i immediately picture this photograph that often comes to mind when i think of my mom. it's us in a pumpkin field. i am a baby. i must be 4 or 5 months old. i am curled into my mother's arms, facing her chest, just a pile of baby, totally at ease. and she is standing, squinting at the camera. she looks, to me, like everything a mother should be. what that is, i'm not quite sure. she's just... there. self-possessed. sure that i am hers. she is holding me like i'm hers. she looks not afraid.

that's the woman i feel when she says those words to me. i believe that she is not afraid.

she talks about the humanity of it all— of people helping people, of service and safety and joy amongst tragedy and fear. she finds the good in every possible situation. she is not afraid.

my own baby is just feet away from me now, sleeping. her noise machine mimics the sound of waves, almost deafeningly loudly. she is swaddled tightly and at peace. when i scoop her up, when she cries, she becomes at peace again.

i, quiet woman, 33 year old woman, adult woman in a striped holiday onesie, panicked in her bed, am that person to another living human.

i wonder, briefly, if my mother feels scared and wishes for her own mother some days. i wonder, even more largely, what it's like not to have a person, who makes you feel that way. safe. deeply grounded and safe. like their body itself is home.

i am 33 years old and i can still call my mom, not only when i am scared, but when i am scared for her, and she will reassure me.

she will say, i'm not afraid. and i will believe her wholeheartedly.

in some ways, this makes me feel totally unprepared to be a mother myself. how can i make the world feel safe for another person, when i feel so lost in it myself?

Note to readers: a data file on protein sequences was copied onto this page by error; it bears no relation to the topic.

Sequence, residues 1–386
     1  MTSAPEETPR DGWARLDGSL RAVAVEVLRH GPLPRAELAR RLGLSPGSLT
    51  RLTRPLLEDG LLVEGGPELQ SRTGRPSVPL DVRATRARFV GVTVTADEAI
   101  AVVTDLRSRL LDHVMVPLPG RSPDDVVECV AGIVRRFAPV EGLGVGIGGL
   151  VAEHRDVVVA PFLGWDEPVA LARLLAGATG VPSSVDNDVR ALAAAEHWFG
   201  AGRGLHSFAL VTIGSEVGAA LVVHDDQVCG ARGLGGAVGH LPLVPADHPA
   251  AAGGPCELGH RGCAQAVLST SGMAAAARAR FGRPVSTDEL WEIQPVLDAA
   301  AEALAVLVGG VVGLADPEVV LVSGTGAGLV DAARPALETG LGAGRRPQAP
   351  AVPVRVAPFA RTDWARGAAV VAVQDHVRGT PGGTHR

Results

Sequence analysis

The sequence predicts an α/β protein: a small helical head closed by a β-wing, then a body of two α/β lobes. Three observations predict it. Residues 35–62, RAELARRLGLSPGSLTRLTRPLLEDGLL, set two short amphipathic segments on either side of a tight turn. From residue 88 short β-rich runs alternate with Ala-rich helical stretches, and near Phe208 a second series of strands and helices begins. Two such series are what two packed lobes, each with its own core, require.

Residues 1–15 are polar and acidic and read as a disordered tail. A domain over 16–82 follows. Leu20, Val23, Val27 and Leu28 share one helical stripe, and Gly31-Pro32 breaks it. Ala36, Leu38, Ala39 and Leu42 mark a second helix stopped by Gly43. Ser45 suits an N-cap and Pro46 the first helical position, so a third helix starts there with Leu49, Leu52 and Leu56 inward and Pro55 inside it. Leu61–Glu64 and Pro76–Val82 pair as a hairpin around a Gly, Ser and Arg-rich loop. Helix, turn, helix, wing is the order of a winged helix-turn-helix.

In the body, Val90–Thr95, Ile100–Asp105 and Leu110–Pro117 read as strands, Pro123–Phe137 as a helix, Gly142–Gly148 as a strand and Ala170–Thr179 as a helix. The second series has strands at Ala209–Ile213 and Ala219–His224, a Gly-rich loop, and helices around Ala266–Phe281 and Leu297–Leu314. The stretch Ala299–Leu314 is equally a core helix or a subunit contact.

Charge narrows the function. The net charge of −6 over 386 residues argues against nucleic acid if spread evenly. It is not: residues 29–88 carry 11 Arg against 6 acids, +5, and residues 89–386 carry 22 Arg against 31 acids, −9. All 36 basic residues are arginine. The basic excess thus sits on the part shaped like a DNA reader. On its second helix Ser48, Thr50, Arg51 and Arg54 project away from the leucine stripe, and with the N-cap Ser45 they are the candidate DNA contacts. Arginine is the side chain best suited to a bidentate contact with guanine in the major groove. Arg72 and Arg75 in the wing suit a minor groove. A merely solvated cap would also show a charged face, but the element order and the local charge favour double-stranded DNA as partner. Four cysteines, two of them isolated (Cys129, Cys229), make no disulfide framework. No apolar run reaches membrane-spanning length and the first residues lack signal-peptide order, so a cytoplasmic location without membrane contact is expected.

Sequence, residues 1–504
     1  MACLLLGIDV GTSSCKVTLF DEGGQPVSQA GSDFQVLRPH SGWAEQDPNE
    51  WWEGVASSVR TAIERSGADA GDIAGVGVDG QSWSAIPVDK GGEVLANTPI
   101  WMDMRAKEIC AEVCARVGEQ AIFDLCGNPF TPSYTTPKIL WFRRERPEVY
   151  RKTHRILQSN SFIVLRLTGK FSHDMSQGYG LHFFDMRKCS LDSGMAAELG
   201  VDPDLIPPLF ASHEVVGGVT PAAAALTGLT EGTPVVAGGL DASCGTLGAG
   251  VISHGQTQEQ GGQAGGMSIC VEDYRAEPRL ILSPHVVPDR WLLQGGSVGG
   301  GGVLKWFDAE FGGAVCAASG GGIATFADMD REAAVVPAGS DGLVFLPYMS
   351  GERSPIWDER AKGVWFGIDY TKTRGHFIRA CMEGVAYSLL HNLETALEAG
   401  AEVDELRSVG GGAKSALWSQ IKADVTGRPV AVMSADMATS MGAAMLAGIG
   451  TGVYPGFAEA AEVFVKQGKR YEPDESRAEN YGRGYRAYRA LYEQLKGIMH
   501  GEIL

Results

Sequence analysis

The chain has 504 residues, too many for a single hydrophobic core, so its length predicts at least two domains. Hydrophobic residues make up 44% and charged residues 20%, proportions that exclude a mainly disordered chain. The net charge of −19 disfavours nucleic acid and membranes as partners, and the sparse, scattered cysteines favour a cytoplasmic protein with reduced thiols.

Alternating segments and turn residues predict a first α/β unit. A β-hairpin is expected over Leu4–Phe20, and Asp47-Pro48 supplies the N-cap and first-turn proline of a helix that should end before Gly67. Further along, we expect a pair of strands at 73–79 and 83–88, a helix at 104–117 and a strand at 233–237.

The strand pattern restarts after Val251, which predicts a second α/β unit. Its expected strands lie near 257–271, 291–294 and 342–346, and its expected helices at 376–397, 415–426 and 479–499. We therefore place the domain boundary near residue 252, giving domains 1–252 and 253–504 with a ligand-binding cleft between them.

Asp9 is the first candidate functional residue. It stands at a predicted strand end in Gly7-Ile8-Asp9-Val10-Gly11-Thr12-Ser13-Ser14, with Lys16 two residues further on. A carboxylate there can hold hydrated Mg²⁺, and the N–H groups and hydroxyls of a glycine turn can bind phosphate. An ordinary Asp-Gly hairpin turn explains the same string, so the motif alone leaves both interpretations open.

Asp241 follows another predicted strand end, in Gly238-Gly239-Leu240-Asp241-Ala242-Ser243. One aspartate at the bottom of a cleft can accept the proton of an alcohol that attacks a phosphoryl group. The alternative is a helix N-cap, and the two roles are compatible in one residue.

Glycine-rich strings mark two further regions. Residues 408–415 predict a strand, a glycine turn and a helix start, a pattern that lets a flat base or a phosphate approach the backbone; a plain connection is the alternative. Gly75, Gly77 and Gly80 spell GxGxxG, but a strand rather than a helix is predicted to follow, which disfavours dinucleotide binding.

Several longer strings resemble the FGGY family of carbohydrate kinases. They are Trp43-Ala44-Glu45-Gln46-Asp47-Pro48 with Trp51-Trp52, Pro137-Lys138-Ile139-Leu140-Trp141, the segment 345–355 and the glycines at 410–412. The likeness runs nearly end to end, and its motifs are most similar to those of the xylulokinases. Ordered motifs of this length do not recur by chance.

and then i think of that picture. i was so small. her arms held me so easily. she grew with me. she became the mother i needed at each step of me becoming the person i was. she heard me and held me. and she still does.

i still feel scared. i feel attached to a certain idea of home, of holidays, of safety, of certainty.

but i am also reassured that, wherever i go, i have this woman, not only to call, but in my bones. she wasn't afraid in the pumpkin patch and she's not afraid now. that's part of my make up. that person made me and grew me and heals me daily. and, in turn, it is a gift i hopefully will be able to give my own daughter. a lifetime of being held, even when she grows too big for my arms.

for now, i will hold her tight. i will acknowledge the little girl in me, who is scared. i will acknowledge the woman i am, who is capable of handling fear and uncertainty. i will say thank you for my own dear mama, who taught me that both of those things are okay and true. that is something no disaster can take away.


stay safe, southern california, landscape of my childhood and my heart. i am thinking of you.

on the two settings.


last night, inexplicably, melby slept for six and a half hours straight. half of those hours were during my evening awake time and 80% of the others were spent staring at her monitor, obsessing over whether or not she was breathing, because she was sleeping so much longer than she ever has before and getting what you want is really, truly terrifying. (the other 20% was “sleep,” if you can call it that.)

thus i have discerned that early motherhood consists entirely of either wishing your child would sleep or worrying they’ve died because they’ve finally gone to sleep. 

and that’s about as casual and relaxed as i am 100% of the time.